Samuel Birchall, ardent naturalist and antiquarian, is best known among present-day numismatists for his A Descriptive List of the Provincial Copper Coins or Tokens issued between the Years 1786 and 1796, an alphabetical reference to pieces in his own collection and those of a small number of other contemporaries, including Evesham’s MP Thomas Thompson (1767-1818), the Bath grocer Lacon Lander Lambe who later emigrated to Washington, USA (1770-1860) and the London antiquarian Sarah Sophia Banks (1744-1818). The List was printed by Thomas Gill in Leeds and privately published by Birchall in early 1796, at the height of the collecting mania for such items. Painstaking but relatively unsophisticated by present-day standards, Birchall listed over 1,000 different tokens and associated items, products of the new factories in Birmingham and elsewhere. Among them is the private token that Samuel himself put out in 1795 (previous page, centre), the dies engraved by ‘Wyon’ although, from the huge range of edge inscriptions employed at the time and in subsequent years, their manufacture would appear not to have been confined to Boulton’s emporium.
Apart from tokens, Samuel Birchall formed valuable collections of British gold and silver coins, stuffed birds and beasts (these were sent to London for sale at the end of 1813, following the move to Park square), and mineralogy, maintaining extensive acquaintances with men of letters interested in similar pursuits in other parts of the country. Doubtless one of the sources for the coin collection was the dealer Henry Young (c. 1738-1811) of Ludgate street, London, a token issuer himself in 1794 who was followed in business by his much better-known son, Matthew Young (1770-1838), issuer of his own private token in 1798 and a collaborator with Birchall on his List, for which Henry Young was the retail outlet.
Birchall was closely associated with the very important hoard of about 270 English and Anglo-Viking coins of the early 10th century, found in a decomposed leaden box on land farmed by Benjamin Wright and belonging to Henry Cholmley of the Lobster House, close to the boundary between the parishes of Bossall and Flaxton, seven miles east of York, on 14 September 1807. In discussing the coinage of Regnald, prevalent in the hoard, the late Christopher Blunt and Lord Stewartby refer to coins of this ruler in the Birchall collection (NC 1983, pp.146-63), to which the reader is referred for more background.
Samuel took ill in March 1814 and died at the age of 53 after an attack of gout on 17 May 1814. He was interred on 22 May at the Friends Burial Ground, Camp lane court, Leeds.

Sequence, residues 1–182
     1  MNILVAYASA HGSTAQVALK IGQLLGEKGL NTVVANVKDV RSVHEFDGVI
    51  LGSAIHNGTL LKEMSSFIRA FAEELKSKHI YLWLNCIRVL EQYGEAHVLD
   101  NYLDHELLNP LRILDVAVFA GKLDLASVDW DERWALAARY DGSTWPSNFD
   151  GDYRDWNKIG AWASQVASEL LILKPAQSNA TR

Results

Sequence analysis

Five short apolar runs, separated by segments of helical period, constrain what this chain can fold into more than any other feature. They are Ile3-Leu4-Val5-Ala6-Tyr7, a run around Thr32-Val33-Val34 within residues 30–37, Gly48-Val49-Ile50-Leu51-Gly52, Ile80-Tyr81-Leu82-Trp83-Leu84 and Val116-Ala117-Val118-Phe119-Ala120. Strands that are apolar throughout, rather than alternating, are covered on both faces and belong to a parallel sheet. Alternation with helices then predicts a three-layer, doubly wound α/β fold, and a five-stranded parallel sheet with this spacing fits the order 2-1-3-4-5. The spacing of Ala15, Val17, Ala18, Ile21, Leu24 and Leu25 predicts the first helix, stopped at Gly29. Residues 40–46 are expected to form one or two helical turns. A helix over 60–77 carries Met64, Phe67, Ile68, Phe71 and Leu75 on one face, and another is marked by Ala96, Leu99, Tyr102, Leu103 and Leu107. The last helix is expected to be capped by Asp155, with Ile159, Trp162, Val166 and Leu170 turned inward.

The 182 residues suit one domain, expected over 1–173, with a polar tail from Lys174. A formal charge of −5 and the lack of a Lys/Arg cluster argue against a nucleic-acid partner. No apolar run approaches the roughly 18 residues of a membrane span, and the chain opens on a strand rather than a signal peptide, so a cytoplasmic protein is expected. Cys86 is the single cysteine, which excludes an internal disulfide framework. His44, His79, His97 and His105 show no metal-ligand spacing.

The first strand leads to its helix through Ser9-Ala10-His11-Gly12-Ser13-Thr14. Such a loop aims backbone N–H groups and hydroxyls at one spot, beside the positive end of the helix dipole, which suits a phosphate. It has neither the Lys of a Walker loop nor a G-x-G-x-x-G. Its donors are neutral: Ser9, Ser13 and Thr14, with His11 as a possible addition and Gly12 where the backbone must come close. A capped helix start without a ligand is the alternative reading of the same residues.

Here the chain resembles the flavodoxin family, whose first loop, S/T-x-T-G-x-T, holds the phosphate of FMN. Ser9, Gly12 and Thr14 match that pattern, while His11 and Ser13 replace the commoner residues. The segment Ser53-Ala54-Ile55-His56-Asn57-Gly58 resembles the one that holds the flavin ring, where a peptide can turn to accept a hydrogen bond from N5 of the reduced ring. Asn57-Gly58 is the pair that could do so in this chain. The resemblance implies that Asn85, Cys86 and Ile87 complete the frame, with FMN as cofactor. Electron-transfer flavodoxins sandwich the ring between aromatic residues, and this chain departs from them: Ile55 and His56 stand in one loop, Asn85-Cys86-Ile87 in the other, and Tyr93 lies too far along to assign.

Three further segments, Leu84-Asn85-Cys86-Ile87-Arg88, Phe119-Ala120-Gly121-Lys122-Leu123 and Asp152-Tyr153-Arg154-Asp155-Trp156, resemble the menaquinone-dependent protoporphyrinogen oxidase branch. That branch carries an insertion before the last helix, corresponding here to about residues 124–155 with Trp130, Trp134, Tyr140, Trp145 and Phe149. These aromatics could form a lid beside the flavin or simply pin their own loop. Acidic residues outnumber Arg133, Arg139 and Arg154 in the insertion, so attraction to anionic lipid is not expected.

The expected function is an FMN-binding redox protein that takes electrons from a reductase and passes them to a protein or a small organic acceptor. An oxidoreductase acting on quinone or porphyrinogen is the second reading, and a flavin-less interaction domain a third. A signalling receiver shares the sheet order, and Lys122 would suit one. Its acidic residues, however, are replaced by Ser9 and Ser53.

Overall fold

The following 148 lots may be said to fairly represent a gentleman’s cabinet of British hammered silver coins, from the mid-9th century up to the change in coin production in the early 1660s, of the type formed over 200 years ago. Although living over 200 miles from London and the centre of the then coin trade, Samuel Birchall’s contacts, with the Youngs and others, ensured that he would have been kept informed of the availability of specimens he lacked; doubtless he was also aware of the dispersal of the cabinets of the likes of Richard Southgate (1795) and Samuel Tyssen (1802), among others passing through the salerooms at the time. A prompt payer, which Birchall was known to be, additionally made him a valuable customer to the dealers of the day, and he was known to journey to London and other cities on business, where he would have been able to indulge his various hobbies and pursuits.
It is truly exceptional for a private collection made over 200 years ago, and unseen by all but a tiny number of scholars since, to come to today’s international coin market. Apart from one (or possibly two) coins from the Bossall/Flaxton hoard (Lots 2-3), there is a notable Harold II penny by the Lincoln moneyer Ulf (Lot 12), representative issues of the early Norman kings including a Profile Left penny of Romney (Lot 13), in all likelihood a stray from the Denge Marsh (Kent) Hoard of 1739, an attractive vis-à-vis shilling of Philip and Mary (Lot 68), a superb Briot milled sixpence (Lot 115) and, perhaps most remarkable of all, a tiny late Declaration penny of Charles I (Lot 126). Coins with a Birchall provenance will be sought after in years to come – enjoy them now via the pages of this catalogue.